Consist of:

  • Shell
  • Air space.
  • Egg white (Albumen).
  • Chalaza
  • Shell membrane.
  • Yolk

The shell.


  • Made of calcium and phosphorus.
  • Gives the egg its shape.
  • Provides protection to the inner contents.
  • Porous thus allow gaseous exchange.

 Shell membrane.


  • Forms inner lining of the shell.
  • Air trapped between the two membranes is used by the developing embryo.

Albumen(Egg white)


Divided into four parts.

  • Chalaza and chalaziferous membrane.
  • Thin albumen.
  • Thick albumen.
  • Outer thin albumen.


Serves as a food reserve for the developing chick.


3% of Albumen.

Hold the yolk allowing the yolk to move the germinal disc always to the top position.

The yolk.


Contains food reserve for the developing embyo. Rich in vitamins, fats, minerals and proteins.

Incubation of eggs.

Embryonic development of a fertilised egg into a chick.

Selection of eggs for incubation.


  1. Should be fertile.
  2. Should be of medium size 55-60 grams in weight. Lighter or heavier weight lowers hatchability.
  3. Should have smooth shells. iv. Should be oval in shape.
  4. Free from any cracks in the shells.
  5. Should be clean to ensure that pore remain open.
  6. Should not have any abnormality e.g., blood spots, meat spots or double yolk. viii. Should be fresh that is collected within one week.


Egg candling.

Method of examining internal conditions of an egg for abnormalities by looking at it against a strong light in a dark room.

What is observed during candling? 

  1. Size of air space (cell)
  2. Whether the egg is fertilised (germinal disc will be seen as a black spot) or not.
  3. Whether the yolk has air cracks. iv. Whether the egg shell is broken.
  4. Whether the shell is very porous.

First candling 5th and 7th day to check for fertility (presence of blood veins or clear)

18th day to confirm presence of a chick.

Method of incubation.

Natural incubation.

Signs of broodiness.

  1. The hen stops laying.
  2. Continuous staying of the hen in the laying nest after laying.
  • Hen produces a characteristic sound and is aggressive when approached in the nest. iv. Hen plucks off her feathers to use in incubation nest.
  • Broody hen should be dusted with appropriate insecticides to rid her of parasites eg stick fast fleas.
  • Provide bedding (saw dust, wood shaving) to help maintain warmth in the nest.
  • Keep the nest in well ventilated place.

Advantages of natural incubation.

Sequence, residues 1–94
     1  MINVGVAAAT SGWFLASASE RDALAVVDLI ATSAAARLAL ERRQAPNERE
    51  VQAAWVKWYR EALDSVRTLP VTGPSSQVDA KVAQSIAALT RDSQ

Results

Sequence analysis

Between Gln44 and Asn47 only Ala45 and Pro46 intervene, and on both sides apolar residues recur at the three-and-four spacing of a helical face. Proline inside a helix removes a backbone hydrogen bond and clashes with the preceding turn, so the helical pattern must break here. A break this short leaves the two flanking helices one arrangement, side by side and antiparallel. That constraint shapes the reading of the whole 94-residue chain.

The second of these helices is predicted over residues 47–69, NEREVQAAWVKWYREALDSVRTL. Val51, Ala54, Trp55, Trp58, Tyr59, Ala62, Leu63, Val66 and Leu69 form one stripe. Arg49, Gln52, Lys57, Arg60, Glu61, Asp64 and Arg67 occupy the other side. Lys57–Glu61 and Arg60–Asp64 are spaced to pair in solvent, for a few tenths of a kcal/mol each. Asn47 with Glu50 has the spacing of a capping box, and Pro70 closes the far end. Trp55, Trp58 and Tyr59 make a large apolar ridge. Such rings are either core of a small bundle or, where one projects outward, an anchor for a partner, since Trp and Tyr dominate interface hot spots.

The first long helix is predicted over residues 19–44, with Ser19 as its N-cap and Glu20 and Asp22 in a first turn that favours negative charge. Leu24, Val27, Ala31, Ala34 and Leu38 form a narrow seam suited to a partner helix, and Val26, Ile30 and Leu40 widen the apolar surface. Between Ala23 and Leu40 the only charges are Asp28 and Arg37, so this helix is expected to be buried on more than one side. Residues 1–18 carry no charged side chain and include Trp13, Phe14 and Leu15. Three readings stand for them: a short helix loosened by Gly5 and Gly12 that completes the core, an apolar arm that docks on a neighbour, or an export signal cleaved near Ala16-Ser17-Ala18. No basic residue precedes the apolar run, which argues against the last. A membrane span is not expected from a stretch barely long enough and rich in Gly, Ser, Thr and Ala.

1. Less laborious as there is no need of turning of eggs and checking temperatures.
  2. Little skills required. iii. Margin is risk is reduced.

 Disadvantages of natural incubation.

  1. Only a few chicks can be hatched at a time by one hen.
  2. One cannot plan when to incubate.
  3. Diseases and parasites spread to chicks after hatching if the hen is infected. iv. Hens can only be used when broody.

 Artificial incubation.

Providing all the necessary conditions for hatching eggs are provided artificially in an incubator.

Conditions necessary for artificial incubation.


Should be 37.5-39.4 degrees Celsius.

Lower or higher temperatures would kill the developing embryos.

Fresh air (ventilation)

Ventilation facilitates gaseous exchange and helps to control humidity.

Oxygen is necessary for embryonic development.

Relative humidity.

Should be about 60%.

Low humidity. Causes embryos to lose moisture and die.

High humidity. Lowers hatchability and leads to production of bigger chicks that look marshy.


Egg turning.

To avoid germinal disc sticking onto the egg shell causing embryonic mortality.

Wrong turning may result in breakage of blood vessels.

Advantages of artificial incubation.

  1. Many chicks can be hatched at one time.
  2. It is possible to plan when to hatch chicks.
  3. Under good management, parasites and diseases are not transmitted to chicks.

Disadvantages of artificial incubation.

  1. Incubator is expensive to buy. High capital investment is required.
  2. More labour demanding.
  3. Requires more skills than natural method.
  4. High risk involved.

Sources of chicks.

Factors to consider in sourcing chicks.

  1. Reputation of the supplier.
  2. Time taken during transit from hatchery to the farm.
  3. Type of chicks available or required such as breed desired, size of chicks, sex of the chicks.


Rearing of chicks. There are two methods.

  • Natural brooding.
  • Artificial brooding.


Requirements in an artificial brooder.


Should be placed on the floor to maintain warmth and absorb moisture.

Fresh air.

Holes should be made on the brooder for ventilation but should not allow draught into the brooder.

Heat source.

Wire guard round the heat source prevents chicks from being burnt.


1st week 32-35

2nd week 29.7-32.

3rd week. 26.6-29.7

Brooder should be lighted to allow chicks to see food and water.

Too much light blinds chicks and influence toe-pecking.